They are both immature when they run away. The devastation that comes out of this ill-planned elopement is too big a step for kids of their age. For Archie, it is surviving in a place that she never thought she would live in. For Parshya being male, he is now held responsible for both their upkeep. Both are now made aware of the limitations of their love. It is when they get back together after the first tiff do they realize that they will have to really work together. Their puppy love is not enough. The fact you don’t see them getting married and having kids till they are in twenties (I am assuming 5-7 years have passed) shows they have gained real maturity. Their goal is to uplift themselves. The fact that they watch a couple get beaten up without helping shows how insidious the class-caste system is and how difficult it is to break it. As time progresses, Archie and Parshya become mere spectators. Their story has become mute by the struggles that has taken some stuffing out of them. They are aware of class and caste system too well to feel outrage. Their child is a symbol of their future. If he is given better life, they feel they will have assurance of having made it.

    Tatya may be Parshya’s tormentor. But enough years have passed for Parshya to remember the man only as Archie’s father. Tatya did not become villain in Parshay’s life till Parshya fell in love with the man’s daughter. Caste along with class is present in the village but it is not omnipresent like in Fandry. In Parshya’s mind, there is guilt of their elopement having separated daughter and father. Archie loves her family acutely. She misses her father every day. Now that Parshya is a father, he understands the longing. Besides, Archie is only one who can contact her parents. Parshya has no knowledge about his parents. There is a feeling in him that at least his son will have one set of grandparents.

    If Nagraj Manjule’s story seems unilateral it could be because he is looking at the story from the perspective of a backward class person. He cannot sympathize too much with people who look down upon him. All the stories spread regarding his wife should have been warning about smear campaign. There is no reason for anyone to wait so long if they need justice. Nagraj was already becoming famous for his Fandry. The whole timing is suspicious.

  • Rahul

    What a terrible article! The author seems to make a “mark” by going against the stream and I don’t blame her for that. She assumes so many things and finds her own conclusions.
    Why would she want Manjule to make a film about every character in this movie? He chose the story and just trying to tell- just finding fault in a work of art just for the sake of criticism- is preposterous.

  • Moses Tulasi

    After I got over the initial euphoria over the reversal of gender roles and the refreshing female gaze, something started to bother me with Archie’s characterization. Then came the news about the director Nagraj Manjule’s ex-wife’s inhuman mistreatment by him and the family. At this point, I went and watched the film again and there it was – although the film dares to take up caste, it does it in a very uni-dimensional way and as I was struggling to articulate my thoughts around it, Firdaus Soni so eloquently lays down point by point, the questionable politics of the film. MUST READ!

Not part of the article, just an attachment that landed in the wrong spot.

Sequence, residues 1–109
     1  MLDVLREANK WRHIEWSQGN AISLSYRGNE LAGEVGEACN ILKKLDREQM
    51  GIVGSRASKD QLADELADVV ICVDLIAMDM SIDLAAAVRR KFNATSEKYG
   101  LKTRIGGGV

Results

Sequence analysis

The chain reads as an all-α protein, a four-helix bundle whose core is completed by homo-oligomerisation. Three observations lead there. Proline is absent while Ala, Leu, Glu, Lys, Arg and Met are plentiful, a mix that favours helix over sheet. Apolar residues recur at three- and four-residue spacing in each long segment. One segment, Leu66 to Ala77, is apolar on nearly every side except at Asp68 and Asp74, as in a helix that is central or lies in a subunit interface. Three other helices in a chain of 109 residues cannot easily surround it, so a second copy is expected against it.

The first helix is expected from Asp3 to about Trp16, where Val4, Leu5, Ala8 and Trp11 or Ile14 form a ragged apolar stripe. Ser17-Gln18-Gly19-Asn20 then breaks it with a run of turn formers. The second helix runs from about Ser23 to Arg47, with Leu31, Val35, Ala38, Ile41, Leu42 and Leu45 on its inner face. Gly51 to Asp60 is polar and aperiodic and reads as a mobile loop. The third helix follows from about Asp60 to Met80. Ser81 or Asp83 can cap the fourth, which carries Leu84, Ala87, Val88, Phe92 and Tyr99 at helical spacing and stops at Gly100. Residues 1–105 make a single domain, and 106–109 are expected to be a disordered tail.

• Helen

    Working several years with Maratha dominated villages, I have one thing to say – not all girls adhere to the patriarchal dominance in the same way. Some grow very assertive and confident. I know many of them. Similarly, from the same context, I know of young Dalit boys with confidence and intelligence, belying the discrimination they face. Nothing is monolithic. Caste, class, gender politics are not uniform. It expresses itself in varied forms. However, what I found similar is the intolerance in any given society that exerts power and violence – something that is troubling and needs change. Sairat surely has opened up debate on various issues of discrimination, domination, and layers of patriarchal control – something needs to be taken into our classrooms and push discussions for a humane society.

  • manan bhondekar

    Firdaus has made quite an apt criticism.

  • Dipak Barkhade

    With regard to the seeming humbleness of Parshya, isn’t he rather transformed into a less resistant but more vulnerable identity in the symbolic sense? Unlike Parshya, Jabya, in Fandry, unearths the reality as he confirms total indifference from Shalu and throws a provoked fit of anger. Do they introspect about their caste or is that identity an inseparable part of their reality at any point of time? Jabya knows this and confirms a clear picture of society unlike Parshya who is ready to die by falling in love with an upper caste girl. Where is the anger that Jabya represented in Marathi cinema any more?

  • Dr. Suguna Rao

    A very interesting analytical review of Sairat. Gender issues are not satisfactorily dealt with unless it includes women’s voices.

  • Karen Miranda

    The movie does not focus on purity and pollution — if one recollects the bathing scene, the female, upper-caste character uses the same well as the lower caste community. So the entire movie represents femininist agency clashing with caste, class, power and its politics.